Monday, April 15, 2013

Realizations from Tragedy

Hello all, on this not so pleasant occasion.  Life is crazy right now, trying to cram in paper after paper, but I could not concentrate after the frightening events today at the Boston Marathon.  So I've decided to take to the blogosphere for some soul searching.

I was in fifth grade when the towers went down on 9/11.

I remember that all my teachers were a bit tense, but I didn't really know what was going on.  After school, I was surprised to find my mom parked in the same spot she had occupied earlier that morning for drop off.  Only years later did she tell me that she went to Target to buy a battery operated radio before spending the rest of the day sitting in my school parking lot, just in case she needed to get to me in a hurry.

Unfortunately, I have lived through enough national tragedies (the latest being the horrendous school shooting in Newtown, Connecticut) that I am not rocked to the core when something awful happens.  Yes, each event makes me lose a little faith in humanity, but I never personally feel unsafe or at risk.

But today, this is different.  Today I watched a video clip of families and friends, spectators of the Boston marathon getting attacked by an explosion from the center of the crowd.  And I do feel just a little bit less safe.  Even watching as law enforcement and members of the armed forces swarmed in and quickly contained the situation, it really struck home that someone was mentally able to do this to hundreds of people and, by extension, their families.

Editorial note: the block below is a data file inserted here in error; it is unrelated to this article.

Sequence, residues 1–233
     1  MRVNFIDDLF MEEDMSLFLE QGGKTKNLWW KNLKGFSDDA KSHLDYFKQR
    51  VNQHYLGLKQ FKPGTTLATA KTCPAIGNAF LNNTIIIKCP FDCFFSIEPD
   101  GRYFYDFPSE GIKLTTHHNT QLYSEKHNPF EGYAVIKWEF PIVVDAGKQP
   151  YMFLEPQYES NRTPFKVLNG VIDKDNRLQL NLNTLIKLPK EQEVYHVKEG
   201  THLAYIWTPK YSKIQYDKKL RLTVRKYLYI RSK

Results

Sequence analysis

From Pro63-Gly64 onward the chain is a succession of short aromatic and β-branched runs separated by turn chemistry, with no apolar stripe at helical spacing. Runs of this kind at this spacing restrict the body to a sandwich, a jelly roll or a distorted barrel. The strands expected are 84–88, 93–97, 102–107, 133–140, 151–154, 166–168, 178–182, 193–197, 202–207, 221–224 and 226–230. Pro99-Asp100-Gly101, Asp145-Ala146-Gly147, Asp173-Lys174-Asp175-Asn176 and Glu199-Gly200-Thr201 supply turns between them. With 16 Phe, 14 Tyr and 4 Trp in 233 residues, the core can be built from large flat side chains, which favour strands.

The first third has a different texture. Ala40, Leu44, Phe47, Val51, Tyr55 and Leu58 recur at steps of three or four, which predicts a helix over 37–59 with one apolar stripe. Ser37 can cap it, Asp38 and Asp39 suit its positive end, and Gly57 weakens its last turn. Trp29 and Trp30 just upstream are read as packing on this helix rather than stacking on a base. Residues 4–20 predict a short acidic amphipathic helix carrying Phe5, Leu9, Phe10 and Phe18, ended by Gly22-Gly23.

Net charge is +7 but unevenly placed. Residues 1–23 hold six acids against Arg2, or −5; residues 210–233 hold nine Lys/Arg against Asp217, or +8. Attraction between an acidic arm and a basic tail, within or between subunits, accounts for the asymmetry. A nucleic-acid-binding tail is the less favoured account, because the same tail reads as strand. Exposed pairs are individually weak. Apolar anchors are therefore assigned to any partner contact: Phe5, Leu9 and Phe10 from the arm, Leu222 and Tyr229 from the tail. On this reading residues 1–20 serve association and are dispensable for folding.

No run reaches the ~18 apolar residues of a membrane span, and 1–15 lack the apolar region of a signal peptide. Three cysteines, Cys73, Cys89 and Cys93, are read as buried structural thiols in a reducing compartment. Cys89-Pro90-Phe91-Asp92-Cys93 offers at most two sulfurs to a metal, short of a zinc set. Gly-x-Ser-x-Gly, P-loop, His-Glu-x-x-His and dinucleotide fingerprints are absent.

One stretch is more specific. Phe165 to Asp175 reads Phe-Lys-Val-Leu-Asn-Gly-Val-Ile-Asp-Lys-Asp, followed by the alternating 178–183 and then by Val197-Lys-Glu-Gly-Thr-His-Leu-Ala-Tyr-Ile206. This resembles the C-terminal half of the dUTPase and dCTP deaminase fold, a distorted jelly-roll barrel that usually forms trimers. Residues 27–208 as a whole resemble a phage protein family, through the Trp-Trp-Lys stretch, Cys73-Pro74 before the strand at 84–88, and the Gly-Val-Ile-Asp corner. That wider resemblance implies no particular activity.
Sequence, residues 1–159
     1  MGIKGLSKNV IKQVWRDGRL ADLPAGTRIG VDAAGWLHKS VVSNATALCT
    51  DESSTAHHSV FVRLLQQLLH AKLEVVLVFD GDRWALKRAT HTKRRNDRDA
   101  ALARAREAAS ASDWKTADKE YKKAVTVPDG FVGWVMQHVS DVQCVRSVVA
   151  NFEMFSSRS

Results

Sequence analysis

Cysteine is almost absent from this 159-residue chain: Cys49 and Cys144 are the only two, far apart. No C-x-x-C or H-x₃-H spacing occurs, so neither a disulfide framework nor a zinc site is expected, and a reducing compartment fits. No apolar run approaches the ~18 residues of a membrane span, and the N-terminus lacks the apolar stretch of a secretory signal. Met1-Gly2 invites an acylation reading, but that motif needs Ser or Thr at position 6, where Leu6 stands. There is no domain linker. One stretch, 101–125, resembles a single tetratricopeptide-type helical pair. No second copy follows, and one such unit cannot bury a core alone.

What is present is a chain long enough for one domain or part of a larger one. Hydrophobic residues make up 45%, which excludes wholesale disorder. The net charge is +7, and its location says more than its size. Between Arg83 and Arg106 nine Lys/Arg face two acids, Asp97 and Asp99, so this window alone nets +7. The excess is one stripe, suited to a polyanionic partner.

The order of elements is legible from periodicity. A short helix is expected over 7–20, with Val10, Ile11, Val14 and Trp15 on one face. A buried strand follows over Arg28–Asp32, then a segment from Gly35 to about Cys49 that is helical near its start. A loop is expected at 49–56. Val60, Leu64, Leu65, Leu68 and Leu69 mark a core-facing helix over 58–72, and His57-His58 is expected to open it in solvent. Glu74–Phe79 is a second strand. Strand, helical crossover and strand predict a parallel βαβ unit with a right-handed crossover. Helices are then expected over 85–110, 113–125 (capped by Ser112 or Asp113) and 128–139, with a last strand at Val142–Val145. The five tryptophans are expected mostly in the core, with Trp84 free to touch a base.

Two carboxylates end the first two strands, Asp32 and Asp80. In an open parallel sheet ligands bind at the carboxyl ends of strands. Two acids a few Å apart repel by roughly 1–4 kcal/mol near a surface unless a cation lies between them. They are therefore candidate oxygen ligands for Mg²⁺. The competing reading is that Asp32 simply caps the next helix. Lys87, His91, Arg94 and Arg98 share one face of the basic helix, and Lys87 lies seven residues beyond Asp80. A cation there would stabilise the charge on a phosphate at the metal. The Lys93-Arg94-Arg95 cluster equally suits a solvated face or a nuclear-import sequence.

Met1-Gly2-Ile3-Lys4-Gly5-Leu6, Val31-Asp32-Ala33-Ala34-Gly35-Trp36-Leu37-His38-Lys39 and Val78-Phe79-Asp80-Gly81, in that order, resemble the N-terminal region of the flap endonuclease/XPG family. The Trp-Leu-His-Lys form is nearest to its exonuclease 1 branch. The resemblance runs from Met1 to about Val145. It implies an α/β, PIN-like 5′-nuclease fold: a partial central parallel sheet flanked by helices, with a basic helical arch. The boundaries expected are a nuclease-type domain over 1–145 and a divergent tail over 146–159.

Maybe this is my delayed realization that terrorism is a real thing that can happen to anyone, any time.  Maybe this is me finally realizing the gruesome nature of murder for no apparent reason.  But at the same time, it's instances like this that make me want to study criminal law, so that I can be a part of the system that ensures that horrible people who can commit crimes like this answer for their actions.

To all the families and victims effected, my thoughts and prayers are with you.  To those armed forces and law enforcement officers who protect us each and every day, thank you.

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